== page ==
07/23/2021 | News release | Archived content
The past eighteen months have not been a picnic for households juggling work, home-schooling, life schedules and family time.
The return to in-person learning will give a semblance of routine and perhaps a promise to a more life-balance for teachers, parents and students.
During the pandemic, Center for Disease Control (CDC) directives have helped influence school safety decisions. Recent updates recommend removing prevention strategies one at a time. With vaccines only available for people ages 12and older, a large proportion of school-age children remain unprotected from COVID.
School districts are working hard to flush out the details of what the school year will look like.
Every state, every county is paying attention to how new policies for in-person school or a hybrid program means will keep everyone safe from COVID. Some conflicts between jurisdictions and localities are yet to be resolved.
Meanwhile, kids still need to eat. Where they eat, how they eat and what they eat are the fine points industry entities are interested in knowing. A congregate setting may not be available for this school year. Likely, self-serve salad bars are off the proverbial table. 'Grab and Go', pre-packaged breakfasts or lunches will be preferred.
After schools shut down in March 2020, many transformed their parking lots into pickup sites for meals.
Federal funding allowed schools to offer free meals to anyone without any application or income qualification. The massive turnouts for free meals highlighted how much families relied on these no cost meals. It wasn't just a solution for low-income families. As it turns out, everyone benefits.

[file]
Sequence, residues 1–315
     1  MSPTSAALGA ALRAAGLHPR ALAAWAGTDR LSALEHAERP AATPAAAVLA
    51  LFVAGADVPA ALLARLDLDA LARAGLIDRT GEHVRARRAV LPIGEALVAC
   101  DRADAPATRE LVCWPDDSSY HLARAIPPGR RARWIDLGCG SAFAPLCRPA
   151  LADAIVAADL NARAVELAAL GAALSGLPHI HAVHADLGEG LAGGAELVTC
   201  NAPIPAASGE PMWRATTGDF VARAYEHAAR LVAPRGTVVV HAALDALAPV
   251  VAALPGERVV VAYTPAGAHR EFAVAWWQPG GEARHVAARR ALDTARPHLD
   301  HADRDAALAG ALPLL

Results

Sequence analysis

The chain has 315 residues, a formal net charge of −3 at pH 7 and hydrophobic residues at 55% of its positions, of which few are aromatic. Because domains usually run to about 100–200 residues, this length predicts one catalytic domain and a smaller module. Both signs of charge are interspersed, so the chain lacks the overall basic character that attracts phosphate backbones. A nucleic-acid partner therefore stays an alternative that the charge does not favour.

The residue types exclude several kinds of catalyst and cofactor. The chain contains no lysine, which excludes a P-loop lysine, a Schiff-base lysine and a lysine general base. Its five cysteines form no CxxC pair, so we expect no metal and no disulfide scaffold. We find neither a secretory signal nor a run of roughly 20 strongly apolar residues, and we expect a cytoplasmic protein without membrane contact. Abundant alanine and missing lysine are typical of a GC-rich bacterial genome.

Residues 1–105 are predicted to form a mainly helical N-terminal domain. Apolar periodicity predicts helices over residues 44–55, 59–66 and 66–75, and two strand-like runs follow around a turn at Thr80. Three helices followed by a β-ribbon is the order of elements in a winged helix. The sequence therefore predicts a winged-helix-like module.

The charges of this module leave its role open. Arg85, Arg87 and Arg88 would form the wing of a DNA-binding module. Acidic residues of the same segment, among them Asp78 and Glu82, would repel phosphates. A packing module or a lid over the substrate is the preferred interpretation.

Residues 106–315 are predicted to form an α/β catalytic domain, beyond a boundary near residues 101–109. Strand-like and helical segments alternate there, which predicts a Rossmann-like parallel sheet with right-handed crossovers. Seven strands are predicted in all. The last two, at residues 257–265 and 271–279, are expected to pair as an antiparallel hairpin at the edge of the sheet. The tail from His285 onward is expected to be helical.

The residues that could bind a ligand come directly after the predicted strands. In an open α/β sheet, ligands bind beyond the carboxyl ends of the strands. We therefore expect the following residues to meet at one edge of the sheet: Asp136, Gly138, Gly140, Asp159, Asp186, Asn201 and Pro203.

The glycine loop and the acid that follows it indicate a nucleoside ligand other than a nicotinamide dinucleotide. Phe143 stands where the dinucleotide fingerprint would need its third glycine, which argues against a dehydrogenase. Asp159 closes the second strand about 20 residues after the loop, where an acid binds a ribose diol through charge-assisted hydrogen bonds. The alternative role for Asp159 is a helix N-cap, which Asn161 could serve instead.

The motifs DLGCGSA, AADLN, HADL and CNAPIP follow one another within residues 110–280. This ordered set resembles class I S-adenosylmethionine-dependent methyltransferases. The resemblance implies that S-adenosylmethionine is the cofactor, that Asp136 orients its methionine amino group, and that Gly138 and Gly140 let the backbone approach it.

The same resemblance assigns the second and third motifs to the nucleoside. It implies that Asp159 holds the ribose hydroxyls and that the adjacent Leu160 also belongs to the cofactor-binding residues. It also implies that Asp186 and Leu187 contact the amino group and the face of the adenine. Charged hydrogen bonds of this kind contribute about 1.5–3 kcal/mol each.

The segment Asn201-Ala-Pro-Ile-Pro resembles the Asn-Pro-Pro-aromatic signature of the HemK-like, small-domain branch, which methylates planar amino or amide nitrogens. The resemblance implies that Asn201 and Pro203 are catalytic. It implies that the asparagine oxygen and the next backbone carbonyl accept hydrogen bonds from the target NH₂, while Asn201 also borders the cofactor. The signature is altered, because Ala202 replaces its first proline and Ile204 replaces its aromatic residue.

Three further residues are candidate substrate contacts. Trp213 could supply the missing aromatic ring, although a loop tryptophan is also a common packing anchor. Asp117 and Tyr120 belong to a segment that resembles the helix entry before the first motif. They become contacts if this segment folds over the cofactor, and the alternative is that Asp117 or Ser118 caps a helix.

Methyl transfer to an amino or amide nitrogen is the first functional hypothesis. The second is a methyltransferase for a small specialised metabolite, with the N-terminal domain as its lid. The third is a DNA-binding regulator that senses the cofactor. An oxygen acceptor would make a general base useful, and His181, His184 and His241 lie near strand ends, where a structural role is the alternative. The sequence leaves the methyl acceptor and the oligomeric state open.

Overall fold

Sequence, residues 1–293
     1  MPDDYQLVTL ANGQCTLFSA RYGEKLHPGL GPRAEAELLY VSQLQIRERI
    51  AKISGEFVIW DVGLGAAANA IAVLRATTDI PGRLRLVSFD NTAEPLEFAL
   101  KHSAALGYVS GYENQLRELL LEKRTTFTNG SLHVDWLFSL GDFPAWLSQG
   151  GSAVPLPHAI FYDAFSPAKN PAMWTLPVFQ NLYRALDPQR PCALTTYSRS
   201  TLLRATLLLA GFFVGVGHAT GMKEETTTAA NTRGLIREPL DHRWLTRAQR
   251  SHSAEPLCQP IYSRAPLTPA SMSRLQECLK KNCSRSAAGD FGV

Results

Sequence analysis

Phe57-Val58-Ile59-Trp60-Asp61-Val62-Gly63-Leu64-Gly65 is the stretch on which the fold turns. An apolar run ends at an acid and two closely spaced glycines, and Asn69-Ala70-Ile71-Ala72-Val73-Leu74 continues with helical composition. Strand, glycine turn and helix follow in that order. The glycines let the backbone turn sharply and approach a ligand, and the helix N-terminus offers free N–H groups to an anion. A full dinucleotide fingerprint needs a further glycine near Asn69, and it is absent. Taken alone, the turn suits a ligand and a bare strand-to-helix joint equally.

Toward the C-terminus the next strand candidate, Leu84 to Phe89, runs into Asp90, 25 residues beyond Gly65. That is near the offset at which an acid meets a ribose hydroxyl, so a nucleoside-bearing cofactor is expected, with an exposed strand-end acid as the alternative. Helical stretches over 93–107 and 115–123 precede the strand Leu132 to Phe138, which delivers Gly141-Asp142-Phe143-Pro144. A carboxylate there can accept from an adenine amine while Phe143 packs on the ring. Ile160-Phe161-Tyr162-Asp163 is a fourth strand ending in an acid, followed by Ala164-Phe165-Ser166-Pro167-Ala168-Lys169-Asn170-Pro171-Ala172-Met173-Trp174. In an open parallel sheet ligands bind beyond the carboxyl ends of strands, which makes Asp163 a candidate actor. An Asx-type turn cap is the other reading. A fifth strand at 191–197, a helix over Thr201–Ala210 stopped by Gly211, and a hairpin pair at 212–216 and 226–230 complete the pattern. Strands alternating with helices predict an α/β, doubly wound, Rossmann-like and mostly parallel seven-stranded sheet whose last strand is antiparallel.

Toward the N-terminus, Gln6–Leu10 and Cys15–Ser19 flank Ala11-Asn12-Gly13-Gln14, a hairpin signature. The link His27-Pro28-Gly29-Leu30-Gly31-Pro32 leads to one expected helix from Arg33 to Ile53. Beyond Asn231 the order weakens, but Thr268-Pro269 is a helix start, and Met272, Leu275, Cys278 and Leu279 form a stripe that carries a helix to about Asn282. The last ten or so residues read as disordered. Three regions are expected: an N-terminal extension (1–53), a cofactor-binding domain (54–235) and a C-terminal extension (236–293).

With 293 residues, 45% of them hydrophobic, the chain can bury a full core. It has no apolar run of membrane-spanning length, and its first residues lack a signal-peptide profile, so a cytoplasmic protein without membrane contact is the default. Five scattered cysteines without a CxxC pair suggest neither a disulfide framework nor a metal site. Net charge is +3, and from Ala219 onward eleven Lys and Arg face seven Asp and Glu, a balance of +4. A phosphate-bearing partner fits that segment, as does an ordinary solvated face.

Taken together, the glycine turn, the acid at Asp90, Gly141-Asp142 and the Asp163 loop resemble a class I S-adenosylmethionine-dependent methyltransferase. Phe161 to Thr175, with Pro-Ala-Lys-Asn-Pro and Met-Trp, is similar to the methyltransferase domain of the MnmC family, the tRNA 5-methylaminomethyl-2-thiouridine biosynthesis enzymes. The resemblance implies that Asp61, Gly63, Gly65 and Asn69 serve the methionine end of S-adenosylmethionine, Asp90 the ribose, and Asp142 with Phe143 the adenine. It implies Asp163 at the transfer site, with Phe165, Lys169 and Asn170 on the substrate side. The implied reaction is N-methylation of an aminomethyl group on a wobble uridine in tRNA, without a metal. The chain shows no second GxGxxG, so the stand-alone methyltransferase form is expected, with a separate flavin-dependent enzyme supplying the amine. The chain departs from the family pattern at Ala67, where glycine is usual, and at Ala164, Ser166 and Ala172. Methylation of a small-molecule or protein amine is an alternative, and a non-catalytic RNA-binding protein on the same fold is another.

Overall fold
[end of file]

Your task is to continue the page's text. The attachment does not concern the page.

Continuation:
At a time when California seems flush on cash, a coalition called 'School Meals for All' has seized the moment to highlight and fund proper nutrition for every K-12California student. From the state budget, $54million will be allocated for the coming school year. This is supplemented by funding from the Biden administration through June 2022. After that, California will spend $650million annually.
With rising costs of gas, groceries and everything else in California, a bit of relief by way of picking up the tab for students to be fed lifts a burden. The three dollars a day for a school meal may not sound like a lot. A family of three kids will save forty five dollars a week and $2340annually. That's a relief.
One more nice thing about these fully funded meals is that the stigma for accepting a free breakfast or lunch can finally disappear. Rather than skipping a meal due to public shame, every student can take part in meal service. Lunch is a universal need. Let's get back to school and back to learning.